Introduction to The Jackie Robinson Reader
Extraordinary lives often reveal ordinary truths. Jackie Robinson was born in 1919 and died in 1972. He crammed into these brief ﬁfty-three years a legacy of accomplishment, acclaim, controversy, and inﬂuence matched by few Americans. He was, even before his historic baseball breakthrough, an athlete of legendary proportions. He won fame and adulation as the ﬁrst African-American to play in the major leagues in the twentieth century, launching an athletic revolution that transformed American sports. He garnered baseball's highest honors: Rookie of the Year, Most Valuable Player, and ﬁrst-ballot election to the Hall of Fame. More signiﬁcantly, Robinson became a symbol of racial integration and a prominent leader in the civil rights struggle of the 1950s and 1960s. Yet Jackie Robinson's half century among us illuminates not just the contours of an exceptional life, but much about the broader African-American experience of those years.
Jackie Robinson was born in Georgia in the heart of the segregated South, the grandson of a slave and the son of sharecrop farmers. While Jackie was still an infant, his father, Jerry Robinson, abandoned the family. His mother, Mallie, seeking a better life for Jackie and his four older siblings, joined the post—World War “great migration” of African Americans out of the South. Most blacks traveled to the eastern metropolises: New York, Philadelphia, Washington, or to Midwestern manufacturing centers like Chicago and Detroit. Mallie Robinson, on the advice of a brother, headed west to California.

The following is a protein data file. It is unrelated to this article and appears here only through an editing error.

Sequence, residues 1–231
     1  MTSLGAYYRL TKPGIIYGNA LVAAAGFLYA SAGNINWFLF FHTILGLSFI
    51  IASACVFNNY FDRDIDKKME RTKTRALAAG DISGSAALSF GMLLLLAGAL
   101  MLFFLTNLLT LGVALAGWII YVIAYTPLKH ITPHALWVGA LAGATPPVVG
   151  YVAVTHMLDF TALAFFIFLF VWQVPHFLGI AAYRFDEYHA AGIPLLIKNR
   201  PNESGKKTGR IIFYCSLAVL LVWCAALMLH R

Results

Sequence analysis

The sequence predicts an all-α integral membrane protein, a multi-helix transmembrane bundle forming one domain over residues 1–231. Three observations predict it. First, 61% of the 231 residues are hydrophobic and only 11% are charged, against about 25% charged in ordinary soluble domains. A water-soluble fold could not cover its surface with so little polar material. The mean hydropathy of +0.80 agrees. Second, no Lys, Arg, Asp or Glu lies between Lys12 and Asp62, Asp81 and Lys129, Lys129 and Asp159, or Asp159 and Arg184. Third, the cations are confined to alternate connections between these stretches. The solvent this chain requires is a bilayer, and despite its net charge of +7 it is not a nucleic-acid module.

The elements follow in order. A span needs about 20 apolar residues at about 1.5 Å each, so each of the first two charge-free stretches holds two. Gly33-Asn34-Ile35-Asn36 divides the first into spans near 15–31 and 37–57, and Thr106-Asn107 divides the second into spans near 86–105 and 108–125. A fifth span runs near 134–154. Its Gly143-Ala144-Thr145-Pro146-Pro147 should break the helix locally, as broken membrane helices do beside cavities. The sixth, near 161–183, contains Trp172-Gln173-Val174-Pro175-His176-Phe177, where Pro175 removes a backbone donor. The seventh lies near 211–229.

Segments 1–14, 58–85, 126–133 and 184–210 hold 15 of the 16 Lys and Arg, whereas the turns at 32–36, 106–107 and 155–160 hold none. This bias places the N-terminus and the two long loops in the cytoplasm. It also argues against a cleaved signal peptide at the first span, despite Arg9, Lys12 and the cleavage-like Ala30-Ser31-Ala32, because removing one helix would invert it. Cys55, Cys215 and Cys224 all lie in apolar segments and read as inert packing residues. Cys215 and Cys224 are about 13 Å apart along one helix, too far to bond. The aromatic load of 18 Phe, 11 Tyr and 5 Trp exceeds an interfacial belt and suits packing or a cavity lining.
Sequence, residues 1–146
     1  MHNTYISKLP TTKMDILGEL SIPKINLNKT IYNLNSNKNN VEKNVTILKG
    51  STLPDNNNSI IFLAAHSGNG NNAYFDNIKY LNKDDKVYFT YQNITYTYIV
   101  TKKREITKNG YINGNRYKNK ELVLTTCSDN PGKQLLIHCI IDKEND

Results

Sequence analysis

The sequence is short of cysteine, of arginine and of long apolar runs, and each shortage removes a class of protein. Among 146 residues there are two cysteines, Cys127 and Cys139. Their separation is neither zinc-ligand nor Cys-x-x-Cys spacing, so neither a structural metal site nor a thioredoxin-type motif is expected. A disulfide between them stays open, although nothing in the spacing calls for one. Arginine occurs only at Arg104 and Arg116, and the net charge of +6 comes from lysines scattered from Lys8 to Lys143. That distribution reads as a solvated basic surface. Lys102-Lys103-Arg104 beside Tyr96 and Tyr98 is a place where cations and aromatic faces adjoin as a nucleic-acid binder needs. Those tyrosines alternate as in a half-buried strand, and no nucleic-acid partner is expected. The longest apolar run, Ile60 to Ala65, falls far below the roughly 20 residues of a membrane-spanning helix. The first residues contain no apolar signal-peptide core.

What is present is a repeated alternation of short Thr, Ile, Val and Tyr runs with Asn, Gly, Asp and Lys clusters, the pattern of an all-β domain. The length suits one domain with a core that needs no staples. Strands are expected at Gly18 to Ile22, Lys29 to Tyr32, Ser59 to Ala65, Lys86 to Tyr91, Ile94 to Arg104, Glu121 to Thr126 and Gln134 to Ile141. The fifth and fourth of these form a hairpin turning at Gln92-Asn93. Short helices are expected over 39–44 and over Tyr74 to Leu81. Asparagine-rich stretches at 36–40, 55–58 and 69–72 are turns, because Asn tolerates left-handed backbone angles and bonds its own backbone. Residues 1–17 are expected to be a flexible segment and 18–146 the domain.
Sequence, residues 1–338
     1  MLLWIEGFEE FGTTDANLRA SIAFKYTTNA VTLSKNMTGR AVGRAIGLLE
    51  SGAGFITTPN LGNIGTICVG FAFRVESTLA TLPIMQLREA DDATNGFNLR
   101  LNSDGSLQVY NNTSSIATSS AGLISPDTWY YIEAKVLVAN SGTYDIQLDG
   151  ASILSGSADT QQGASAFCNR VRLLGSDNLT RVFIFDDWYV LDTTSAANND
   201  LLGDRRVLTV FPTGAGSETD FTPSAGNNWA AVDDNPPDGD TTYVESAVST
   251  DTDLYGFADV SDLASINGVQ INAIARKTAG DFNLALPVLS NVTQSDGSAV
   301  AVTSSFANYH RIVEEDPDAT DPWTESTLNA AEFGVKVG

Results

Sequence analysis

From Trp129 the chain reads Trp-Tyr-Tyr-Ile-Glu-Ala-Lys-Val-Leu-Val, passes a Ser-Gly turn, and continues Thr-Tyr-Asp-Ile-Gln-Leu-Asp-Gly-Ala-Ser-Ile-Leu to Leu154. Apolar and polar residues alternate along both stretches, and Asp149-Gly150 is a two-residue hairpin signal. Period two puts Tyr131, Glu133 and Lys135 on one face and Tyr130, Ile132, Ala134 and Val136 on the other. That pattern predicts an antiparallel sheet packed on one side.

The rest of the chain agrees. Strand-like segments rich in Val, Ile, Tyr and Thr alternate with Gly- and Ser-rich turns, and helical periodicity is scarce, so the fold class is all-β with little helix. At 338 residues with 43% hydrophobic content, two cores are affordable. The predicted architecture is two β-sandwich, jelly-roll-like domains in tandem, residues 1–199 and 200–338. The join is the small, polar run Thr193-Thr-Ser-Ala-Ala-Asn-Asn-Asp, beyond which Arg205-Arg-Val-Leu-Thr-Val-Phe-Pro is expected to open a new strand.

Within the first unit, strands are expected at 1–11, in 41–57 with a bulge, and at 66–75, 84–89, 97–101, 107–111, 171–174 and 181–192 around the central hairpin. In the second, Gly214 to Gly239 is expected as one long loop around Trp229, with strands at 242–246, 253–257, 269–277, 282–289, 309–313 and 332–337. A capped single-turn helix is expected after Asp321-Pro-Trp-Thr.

African Americans were relatively rare in California in the 1920s. Although Mexican-born blacks had ﬁgured prominently in the early settlement of the region, by the early twentieth century blacks accounted for only 1 percent of the state's population. Those who lived there confronted a pattern of discrimination common to the American West. Although few laws addressed the issue of black-white relations, widely established and